The Kogod School of Business at American University received $15 million from its namesake — Robert Kogod and his wife, Arlene — to set up three endowed chairs.
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- The American University Kogod School of Business received a $15 million donation from its namesake.
- That donation will go toward setting up new chairs in sustainability, marketing, and finance.
- The donation is the largest single gift in the Kogod School of Business’ history.
- The gift is part of American University’s larger Change Can’t Wait campaign, which has so far raised more than $400 million.
The American University Kogod School of Business will soon have three new endowed chairs for marketing, finance, and sustainability thanks to a donation from its namesake.
Robert Kogod and his wife, Arlene, donated $15 million to the school to endow three departmental chairs.
The new Kogod Eminent Scholar chairs in marketing and finance will be hosted within the business school, according to a press release, while the chair of sustainability will be hosted jointly with the Kogod School of Business and the American University School of Public Affairs.
Valentina Bruno, a professor of finance and research fellow at the Center for Economic Policy Research, will be the chair in finance. Sonya Grier, a professor of marketing and co-founder of the Race in the Marketplace Research Network, will serve as the chair in marketing. The chair in sustainability will be named at a later date.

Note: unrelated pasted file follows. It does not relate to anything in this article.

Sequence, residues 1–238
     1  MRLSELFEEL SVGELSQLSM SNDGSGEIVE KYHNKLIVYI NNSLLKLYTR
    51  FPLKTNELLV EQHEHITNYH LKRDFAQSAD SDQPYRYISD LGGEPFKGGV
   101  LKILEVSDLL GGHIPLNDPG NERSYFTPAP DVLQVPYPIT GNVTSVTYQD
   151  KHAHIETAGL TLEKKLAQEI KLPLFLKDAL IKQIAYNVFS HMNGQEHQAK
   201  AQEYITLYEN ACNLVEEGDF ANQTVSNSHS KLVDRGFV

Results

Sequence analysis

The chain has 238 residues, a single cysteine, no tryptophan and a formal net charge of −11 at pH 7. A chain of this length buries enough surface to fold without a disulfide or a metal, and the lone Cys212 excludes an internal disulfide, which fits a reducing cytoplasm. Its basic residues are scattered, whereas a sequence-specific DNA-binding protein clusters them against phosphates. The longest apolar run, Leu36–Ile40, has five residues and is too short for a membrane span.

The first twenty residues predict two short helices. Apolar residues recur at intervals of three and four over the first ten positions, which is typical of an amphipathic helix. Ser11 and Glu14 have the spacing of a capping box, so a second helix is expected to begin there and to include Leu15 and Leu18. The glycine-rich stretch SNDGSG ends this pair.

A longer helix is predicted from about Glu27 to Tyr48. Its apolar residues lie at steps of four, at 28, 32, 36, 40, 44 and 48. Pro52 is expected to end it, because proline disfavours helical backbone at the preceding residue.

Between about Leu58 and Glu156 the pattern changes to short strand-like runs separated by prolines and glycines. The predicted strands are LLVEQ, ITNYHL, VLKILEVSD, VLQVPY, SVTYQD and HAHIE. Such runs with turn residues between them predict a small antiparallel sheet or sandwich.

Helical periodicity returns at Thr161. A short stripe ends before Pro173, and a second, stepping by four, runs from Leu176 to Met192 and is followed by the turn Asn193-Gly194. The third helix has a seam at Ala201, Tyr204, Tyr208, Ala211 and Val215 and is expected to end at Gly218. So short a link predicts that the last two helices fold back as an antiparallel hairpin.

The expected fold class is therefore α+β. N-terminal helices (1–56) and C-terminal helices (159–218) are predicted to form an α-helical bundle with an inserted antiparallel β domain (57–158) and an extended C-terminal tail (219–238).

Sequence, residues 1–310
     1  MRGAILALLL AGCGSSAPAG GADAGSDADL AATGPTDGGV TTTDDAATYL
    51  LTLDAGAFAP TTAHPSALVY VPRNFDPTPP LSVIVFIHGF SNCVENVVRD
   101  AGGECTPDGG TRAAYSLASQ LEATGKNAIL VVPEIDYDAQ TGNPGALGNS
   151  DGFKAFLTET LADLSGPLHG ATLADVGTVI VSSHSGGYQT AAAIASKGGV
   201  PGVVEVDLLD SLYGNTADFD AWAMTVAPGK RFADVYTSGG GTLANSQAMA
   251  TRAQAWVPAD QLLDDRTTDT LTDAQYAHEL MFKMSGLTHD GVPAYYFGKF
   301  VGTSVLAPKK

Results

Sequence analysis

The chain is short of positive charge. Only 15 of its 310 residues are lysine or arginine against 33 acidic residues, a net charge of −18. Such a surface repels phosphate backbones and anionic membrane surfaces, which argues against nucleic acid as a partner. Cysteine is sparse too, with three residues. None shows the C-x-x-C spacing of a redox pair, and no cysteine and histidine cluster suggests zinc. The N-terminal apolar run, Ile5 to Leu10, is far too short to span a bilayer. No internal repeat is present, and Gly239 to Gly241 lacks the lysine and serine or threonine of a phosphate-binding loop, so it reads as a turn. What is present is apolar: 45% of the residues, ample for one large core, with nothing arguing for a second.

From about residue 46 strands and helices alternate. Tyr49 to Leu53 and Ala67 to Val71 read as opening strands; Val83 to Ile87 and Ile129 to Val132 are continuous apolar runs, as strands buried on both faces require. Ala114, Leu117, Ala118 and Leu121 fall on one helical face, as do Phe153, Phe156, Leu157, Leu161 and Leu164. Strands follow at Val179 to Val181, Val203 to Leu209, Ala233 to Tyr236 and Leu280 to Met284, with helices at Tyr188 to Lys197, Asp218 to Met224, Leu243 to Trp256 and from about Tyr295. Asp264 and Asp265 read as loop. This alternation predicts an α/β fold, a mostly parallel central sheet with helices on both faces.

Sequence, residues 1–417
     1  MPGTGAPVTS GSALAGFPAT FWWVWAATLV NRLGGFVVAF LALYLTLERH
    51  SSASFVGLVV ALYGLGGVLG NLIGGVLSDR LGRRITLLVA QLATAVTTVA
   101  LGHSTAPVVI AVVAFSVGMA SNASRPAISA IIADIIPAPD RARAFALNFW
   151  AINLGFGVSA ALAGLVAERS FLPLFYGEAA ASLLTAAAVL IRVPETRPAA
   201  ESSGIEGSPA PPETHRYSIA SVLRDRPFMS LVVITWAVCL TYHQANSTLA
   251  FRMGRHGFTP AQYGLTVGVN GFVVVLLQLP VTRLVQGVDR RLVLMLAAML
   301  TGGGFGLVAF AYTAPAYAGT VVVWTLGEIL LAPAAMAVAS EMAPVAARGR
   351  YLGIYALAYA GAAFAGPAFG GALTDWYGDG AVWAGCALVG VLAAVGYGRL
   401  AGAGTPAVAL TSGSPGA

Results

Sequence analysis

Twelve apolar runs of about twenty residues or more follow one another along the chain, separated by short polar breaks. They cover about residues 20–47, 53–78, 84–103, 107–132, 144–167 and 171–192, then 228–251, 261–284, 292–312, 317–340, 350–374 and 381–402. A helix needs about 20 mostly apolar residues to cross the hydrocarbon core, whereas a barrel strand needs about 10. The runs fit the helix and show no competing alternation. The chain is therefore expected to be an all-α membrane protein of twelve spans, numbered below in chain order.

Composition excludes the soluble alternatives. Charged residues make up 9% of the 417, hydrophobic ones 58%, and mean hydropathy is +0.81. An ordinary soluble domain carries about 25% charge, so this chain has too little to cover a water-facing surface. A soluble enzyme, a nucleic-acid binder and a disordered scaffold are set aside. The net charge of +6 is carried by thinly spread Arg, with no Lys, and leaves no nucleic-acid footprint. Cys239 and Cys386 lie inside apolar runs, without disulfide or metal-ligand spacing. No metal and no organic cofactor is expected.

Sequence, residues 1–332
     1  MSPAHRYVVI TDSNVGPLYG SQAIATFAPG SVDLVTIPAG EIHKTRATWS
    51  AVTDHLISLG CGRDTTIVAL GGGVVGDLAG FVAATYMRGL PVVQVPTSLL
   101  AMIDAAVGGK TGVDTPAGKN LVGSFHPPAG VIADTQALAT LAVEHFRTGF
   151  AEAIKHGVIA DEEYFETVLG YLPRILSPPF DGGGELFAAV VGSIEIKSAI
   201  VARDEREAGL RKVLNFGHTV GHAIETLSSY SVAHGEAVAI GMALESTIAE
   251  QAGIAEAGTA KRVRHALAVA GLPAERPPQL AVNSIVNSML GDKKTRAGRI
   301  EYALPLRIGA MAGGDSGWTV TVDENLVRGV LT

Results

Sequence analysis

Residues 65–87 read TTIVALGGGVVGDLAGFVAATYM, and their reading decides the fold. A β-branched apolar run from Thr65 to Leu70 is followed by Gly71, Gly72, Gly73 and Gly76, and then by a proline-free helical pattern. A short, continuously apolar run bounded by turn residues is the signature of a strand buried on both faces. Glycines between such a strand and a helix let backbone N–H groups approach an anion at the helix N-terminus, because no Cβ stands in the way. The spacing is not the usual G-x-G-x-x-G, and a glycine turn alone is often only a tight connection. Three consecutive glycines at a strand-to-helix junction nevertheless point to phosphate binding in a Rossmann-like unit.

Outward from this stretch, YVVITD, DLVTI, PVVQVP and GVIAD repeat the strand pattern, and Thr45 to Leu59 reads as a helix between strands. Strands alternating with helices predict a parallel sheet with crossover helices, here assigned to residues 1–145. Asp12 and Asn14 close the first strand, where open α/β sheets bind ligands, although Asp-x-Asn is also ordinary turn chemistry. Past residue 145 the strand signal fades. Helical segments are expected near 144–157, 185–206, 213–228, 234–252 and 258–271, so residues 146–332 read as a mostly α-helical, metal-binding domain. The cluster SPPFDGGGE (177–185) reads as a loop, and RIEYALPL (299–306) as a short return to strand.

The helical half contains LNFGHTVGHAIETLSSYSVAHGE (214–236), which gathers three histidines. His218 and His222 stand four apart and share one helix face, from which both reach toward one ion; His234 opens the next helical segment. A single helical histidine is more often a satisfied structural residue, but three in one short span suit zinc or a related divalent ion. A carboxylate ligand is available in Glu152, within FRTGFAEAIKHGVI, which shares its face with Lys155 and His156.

All three of those fields — marketing, finance, and sustainability — are key areas of interest for business school students and employers alike. Those fields are also set to be affected by rapidly emerging technologies, like artificial intelligence.
Digital marketing was one of the top areas of interest for prospective business students in a survey conducted by the United Kingdom-based consulting firm CarringtonCrisp earlier this year, alongside business ethics, artificial intelligence, e-commerce and data analytics.
Finance and marketing alike are undergoing a data-heavy transformation as businesses grapple with an ever-expanding trove of consumer information and the proliferation of artificial intelligence.
Sustainability and climate change were among the top 10 interests of potential master’s of business administration (MBA) students in another survey conducted by CarringtonCrisp earlier this year. Employers are increasingly adopting climate-related positions like chief sustainability officers to respond to sustainability-related issues, regulations, and needs.
The Kogods’ gift is part of American University’s “Change Can’t Wait” and is the largest single contribution in the business school’s history, according to the release. That campaign, which aims to bolster both research and opportunities for students, has so far raised $433 million toward a $500 million goal.
Few things are more important than education, Robert Kogod said in the release.
It provides a solid basis for life — an impetus for continual personal growth and exploring what is possible. Arlene and I are truly inspired by American University’s vision to invest in the next generation of thinkers and educators to equip students to pursue success with integrity and to ultimately create a better world.